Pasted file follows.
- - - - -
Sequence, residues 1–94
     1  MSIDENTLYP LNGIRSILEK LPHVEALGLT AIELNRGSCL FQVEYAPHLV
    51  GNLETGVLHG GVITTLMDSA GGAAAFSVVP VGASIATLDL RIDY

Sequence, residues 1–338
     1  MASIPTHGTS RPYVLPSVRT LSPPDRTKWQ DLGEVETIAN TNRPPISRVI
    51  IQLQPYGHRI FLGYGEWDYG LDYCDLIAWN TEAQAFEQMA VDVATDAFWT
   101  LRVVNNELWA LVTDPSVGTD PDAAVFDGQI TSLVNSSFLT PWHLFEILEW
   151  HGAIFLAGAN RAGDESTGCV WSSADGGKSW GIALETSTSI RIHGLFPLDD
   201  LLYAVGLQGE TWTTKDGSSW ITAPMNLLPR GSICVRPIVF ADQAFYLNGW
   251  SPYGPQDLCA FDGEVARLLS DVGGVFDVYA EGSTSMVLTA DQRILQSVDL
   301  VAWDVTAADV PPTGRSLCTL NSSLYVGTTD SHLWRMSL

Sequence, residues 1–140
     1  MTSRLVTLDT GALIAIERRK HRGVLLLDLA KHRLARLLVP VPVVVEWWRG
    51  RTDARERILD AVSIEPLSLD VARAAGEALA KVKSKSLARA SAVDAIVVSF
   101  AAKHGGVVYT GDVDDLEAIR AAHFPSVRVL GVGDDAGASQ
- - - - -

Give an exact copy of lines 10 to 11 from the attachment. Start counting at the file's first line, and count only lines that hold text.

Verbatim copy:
   251  SPYGPQDLCA FDGEVARLLS DVGGVFDVYA EGSTSMVLTA DQRILQSVDL
   301  VAWDVTAADV PPTGRSLCTL NSSLYVGTTD SHLWRMSL